Nancy Writebol, an American aid worker from North Carolina who was infected with the Ebola virus while working in Liberia, arrives at Emory University Hospital in Atlanta, Tuesday, Aug. 5, 2014. Writebol is expected to be admitted to the hospital, where she will join another U.S. aid worker, Dr. Kent Brantly, in a special isolation unit. (AP Photo/(AP Photo/The Journal & Constitution, John Spink)
Nancy Writebol, an American aid worker from North Carolina who was infected with the Ebola virus while working in Liberia, arrives at Emory University Hospital in Atlanta, Tuesday, Aug. 5, 2014. Writebol is expected to be admitted to the hospital, where she will join another U.S. aid worker, Dr. Kent Brantly, in a special isolation unit. (AP Photo/The Journal & Constitution, John Spink)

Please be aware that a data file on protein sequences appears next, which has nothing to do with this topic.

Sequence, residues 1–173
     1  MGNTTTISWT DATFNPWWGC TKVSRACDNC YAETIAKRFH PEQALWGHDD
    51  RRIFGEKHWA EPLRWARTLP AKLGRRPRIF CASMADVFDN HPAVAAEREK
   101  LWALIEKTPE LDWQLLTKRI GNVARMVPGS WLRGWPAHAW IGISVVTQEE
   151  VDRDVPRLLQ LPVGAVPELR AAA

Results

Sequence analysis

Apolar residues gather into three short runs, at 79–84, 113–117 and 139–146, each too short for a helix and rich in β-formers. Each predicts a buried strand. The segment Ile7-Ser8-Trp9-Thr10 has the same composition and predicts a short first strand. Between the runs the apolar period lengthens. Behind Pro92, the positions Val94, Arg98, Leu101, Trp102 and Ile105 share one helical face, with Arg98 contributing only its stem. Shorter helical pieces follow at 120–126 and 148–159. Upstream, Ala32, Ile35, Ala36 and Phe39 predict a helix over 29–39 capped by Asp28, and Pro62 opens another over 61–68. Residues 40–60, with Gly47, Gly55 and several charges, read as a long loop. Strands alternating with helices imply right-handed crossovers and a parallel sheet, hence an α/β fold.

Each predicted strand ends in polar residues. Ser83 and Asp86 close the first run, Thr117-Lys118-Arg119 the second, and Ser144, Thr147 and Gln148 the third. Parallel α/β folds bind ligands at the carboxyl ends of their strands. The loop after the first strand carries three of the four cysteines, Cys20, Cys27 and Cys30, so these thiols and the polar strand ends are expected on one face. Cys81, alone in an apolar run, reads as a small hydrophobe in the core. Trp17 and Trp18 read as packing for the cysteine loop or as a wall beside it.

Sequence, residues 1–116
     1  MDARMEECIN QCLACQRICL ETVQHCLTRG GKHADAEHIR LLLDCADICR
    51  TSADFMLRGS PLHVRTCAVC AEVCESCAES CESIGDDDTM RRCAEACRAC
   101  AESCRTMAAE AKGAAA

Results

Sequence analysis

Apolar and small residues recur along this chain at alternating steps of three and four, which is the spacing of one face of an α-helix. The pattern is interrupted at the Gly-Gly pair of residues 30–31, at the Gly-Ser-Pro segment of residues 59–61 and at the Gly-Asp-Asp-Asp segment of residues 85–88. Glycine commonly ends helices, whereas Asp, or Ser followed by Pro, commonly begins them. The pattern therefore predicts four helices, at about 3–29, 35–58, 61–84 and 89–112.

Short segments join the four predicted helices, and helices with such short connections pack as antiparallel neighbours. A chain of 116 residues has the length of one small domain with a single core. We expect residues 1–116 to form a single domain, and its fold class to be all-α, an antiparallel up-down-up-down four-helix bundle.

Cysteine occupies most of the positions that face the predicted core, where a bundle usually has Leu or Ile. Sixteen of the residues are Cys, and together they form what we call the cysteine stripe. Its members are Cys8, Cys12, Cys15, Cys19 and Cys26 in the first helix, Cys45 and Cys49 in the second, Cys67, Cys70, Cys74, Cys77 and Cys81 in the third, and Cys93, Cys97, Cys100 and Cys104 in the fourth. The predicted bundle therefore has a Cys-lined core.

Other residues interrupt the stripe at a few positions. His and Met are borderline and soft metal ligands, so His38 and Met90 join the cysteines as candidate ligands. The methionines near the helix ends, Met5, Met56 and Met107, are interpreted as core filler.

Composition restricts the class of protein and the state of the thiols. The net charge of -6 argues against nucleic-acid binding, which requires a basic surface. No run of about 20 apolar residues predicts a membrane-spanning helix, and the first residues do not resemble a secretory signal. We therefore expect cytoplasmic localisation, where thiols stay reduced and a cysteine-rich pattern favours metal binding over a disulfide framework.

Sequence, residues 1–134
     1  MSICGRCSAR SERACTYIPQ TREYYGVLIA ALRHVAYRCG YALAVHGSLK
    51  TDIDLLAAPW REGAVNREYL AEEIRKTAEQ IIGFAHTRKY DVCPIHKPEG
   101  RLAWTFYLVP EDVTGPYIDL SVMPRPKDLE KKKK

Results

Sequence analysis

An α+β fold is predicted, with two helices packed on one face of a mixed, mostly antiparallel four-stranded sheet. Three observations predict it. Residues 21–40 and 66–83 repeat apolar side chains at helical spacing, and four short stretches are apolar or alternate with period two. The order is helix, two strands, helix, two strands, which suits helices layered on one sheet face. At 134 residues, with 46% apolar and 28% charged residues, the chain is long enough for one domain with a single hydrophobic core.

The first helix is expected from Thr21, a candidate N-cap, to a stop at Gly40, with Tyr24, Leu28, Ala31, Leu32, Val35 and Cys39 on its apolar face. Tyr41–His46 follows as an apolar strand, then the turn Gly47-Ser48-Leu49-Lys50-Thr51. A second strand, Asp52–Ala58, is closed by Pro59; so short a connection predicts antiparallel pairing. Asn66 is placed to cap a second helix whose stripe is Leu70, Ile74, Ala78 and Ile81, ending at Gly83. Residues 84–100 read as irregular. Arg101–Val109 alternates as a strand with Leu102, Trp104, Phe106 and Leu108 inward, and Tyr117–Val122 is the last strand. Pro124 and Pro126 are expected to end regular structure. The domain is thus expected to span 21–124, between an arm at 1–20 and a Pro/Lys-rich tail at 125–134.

(The Washington Post) – As the death toll from the Ebola virus in four West African nations topped 1,000, an official from the World Health Organization said she hopes accelerated efforts to develop treatments might yield more medicine by the end of this year.

Marie-Paule Kieny, assistant WHO director general, said she hopes that work to produce more of the medication developed by a small San Diego biopharmaceutical company, as well as other drugs, could result in wider availability sometime late in 2014 — perhaps between November and January of 2015.

WHO said Tuesday that the death toll in Guinea, Sierra Leone, Liberia and Nigeria had reached 1,013. A small number of doses of an experimental treatment — perhaps 1o total, Kieny said — were exhausted with their distribution to Liberia on Monday for the treatment of two doctors there who have been stricken by the virus, according to Mapp Biopharmaceutical, which developed the drug.

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